By Bob Elliott
Canadian Baseball Network
The sun came up at 7:52 Wednesday morn.
Roads were not torn asunder. Trees were not toppled. And Lake Ontario was not frozen over.
This was after all the first morning that a key Blue Jays player had super agent Scott Boras as his representation since Robbie Alomar in the spring of 1991.
Sportsnet’s Hazel Mae broke the news Tuesday that right-hander Aaron Sanchez had switched to Boras. It was a coup for Boras to land such a talent as Sanchez coming off a 15-2 season with an ERA of 3.00. He had the lowest ERA in the American League and his winning percentage of .882 was tops too.
“I still watch the game as a hitter from behind home plate and the main thing I see about this man is that I can’t find the bottom of the baseball,” said Boras from Newport Beach, Calif.
An infielder Boras played four seasons in the minors, mostly in the St. Louis Cardinals organization peaking at double-A Arkansas.
“Left-handed hitters hit .215 against him, right-handed hitters .231,” said Boras. “With runners in scoring position he held hitters to a .219 average. No right-hander in the game had those numbers except Jose Fernandez.
“When you get those kind of talents combined with the fact he is a relentless worker. Aaron has a chance to be a true No. 1."
In 30 starts in 2016, Sanchez walked 63 and struck out 161 in 192 innings. Funny thing was in the spring he was supposed to be a reliever. Except he was dominant. Then later he was supposed to be a reliever once he hit a magic inning count before he turned into a pumpkin or Josh Towers. Instead, the Jays gave him a day off here or there and rode the stud hoss home.
Marcus Stroman led the Jays in innings pitched with 204 last season, followed by J.A. Happ with 195 and Sanchez worked 192. Add in the post season and Stroman had 215 1/3, Happ 205 and Sanchez 203 2/3.
That was a huge jump for Sanchez who had pitched 109 1/3 innings (with the Jays in the regular season, post season and in the minors). Some pitching gurus will say a 30-inning jump rather than 94.
The Jays had good things happen to their starters. Happ, who had pitched more than 166 innings once, jumped over 200 when all in. Estrada had one year of pitching more than 151 innings, pitched 198 1/3 innings counting October. Francisco Liriano replaces R.A. Dickey in the rotation for this season with maybe Joe Biagini being the sixth starter.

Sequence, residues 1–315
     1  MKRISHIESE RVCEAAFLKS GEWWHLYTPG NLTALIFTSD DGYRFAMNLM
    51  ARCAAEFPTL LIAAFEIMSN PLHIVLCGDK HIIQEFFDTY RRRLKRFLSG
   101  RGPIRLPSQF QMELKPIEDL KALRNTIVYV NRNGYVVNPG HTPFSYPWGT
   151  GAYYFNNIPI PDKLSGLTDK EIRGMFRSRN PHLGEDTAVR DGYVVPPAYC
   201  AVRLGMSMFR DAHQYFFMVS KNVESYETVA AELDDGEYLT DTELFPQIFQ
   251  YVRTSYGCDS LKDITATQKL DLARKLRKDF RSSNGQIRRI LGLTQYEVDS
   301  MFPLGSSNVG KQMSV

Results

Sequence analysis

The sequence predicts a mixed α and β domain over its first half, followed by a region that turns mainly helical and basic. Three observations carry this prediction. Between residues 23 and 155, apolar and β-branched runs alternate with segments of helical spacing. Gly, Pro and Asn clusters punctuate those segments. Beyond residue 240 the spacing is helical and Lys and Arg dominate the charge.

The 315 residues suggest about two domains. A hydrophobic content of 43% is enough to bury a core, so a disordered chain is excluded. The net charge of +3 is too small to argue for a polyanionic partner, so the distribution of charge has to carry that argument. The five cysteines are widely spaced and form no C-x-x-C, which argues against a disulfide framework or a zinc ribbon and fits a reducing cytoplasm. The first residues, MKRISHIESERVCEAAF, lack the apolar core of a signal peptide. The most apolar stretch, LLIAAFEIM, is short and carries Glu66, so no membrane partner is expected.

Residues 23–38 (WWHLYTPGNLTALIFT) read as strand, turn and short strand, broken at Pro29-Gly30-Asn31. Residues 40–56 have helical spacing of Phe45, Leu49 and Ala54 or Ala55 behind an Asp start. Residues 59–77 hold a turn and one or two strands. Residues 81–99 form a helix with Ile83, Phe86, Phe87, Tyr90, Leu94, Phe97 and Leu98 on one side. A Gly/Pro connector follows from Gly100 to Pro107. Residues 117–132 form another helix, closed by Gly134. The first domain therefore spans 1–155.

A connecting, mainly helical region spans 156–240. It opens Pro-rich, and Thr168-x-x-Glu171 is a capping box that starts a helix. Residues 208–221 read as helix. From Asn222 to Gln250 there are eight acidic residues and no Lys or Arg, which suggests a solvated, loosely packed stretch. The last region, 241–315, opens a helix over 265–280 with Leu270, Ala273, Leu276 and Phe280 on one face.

Boras who represents Stephen Strasburg was heavily involved in the decision making when the Washington Nationals shut down the right-hander for the season on Sept. 7. And he was spoken with general manager Ross Atkins.
“The Jays have a chance to be a championship team, so you have to include post-season play into your analysis,” Boras said. “We had the same discussion with the Chicago Cubs a year ago on Jake Arrieta. His innings were tapered this year.”
Arrieta pitched 229 innings in 33 starts in 2015 and 197 1/3 in 2016. In 2015 he allowed four runs in his second and third starts, each less than six innings as he made three starts for a 3.66 ERA going 2-1. As the Cubs won the first World Series in 108 years, he had four starts and a 3.62 ERA going 2-1.
“There is a lot of documented info about innings management that jumps off the page,” Boras said. “We’ve developed a good exchange. Care and treatment of players is always a factor you have to look at. The Jays have their information and staff. We have our information.
“Aaron is working hard. His shoulders are bigger than last year.”
Jays president Mark Shapiro and Boras have worked together on managing innings before.
“Kevin Millwood was diagnosed with arm problems and he had a great year. We have a history of doing things,” Boras said. “(Jays) are a cooperative group to work with.”
Millwood won the 2005 American League ERA title with a mark of 2.86 making 30 starts and pitching 192 innings.
Boras was in a relaxed mood after spending New Year's Eve in Banff, Alta. Before talks with the Jays about Sanchez, the super agent had already formed one opinion about the new Toronto front office.